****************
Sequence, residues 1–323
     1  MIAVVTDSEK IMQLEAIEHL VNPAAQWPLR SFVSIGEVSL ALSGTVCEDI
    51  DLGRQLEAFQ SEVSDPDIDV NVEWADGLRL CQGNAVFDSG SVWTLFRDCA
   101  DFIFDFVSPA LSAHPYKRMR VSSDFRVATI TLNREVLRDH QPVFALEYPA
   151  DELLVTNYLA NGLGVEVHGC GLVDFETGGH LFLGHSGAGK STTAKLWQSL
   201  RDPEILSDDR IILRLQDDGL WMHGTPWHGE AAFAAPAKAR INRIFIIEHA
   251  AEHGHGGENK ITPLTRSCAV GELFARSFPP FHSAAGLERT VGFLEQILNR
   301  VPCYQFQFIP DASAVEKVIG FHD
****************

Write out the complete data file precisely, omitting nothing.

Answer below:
Sequence, residues 1–323
     1  MIAVVTDSEK IMQLEAIEHL VNPAAQWPLR SFVSIGEVSL ALSGTVCEDI
    51  DLGRQLEAFQ SEVSDPDIDV NVEWADGLRL CQGNAVFDSG SVWTLFRDCA
   101  DFIFDFVSPA LSAHPYKRMR VSSDFRVATI TLNREVLRDH QPVFALEYPA
   151  DELLVTNYLA NGLGVEVHGC GLVDFETGGH LFLGHSGAGK STTAKLWQSL
   201  RDPEILSDDR IILRLQDDGL WMHGTPWHGE AAFAAPAKAR INRIFIIEHA
   251  AEHGHGGENK ITPLTRSCAV GELFARSFPP FHSAAGLERT VGFLEQILNR
   301  VPCYQFQFIP DASAVEKVIG FHD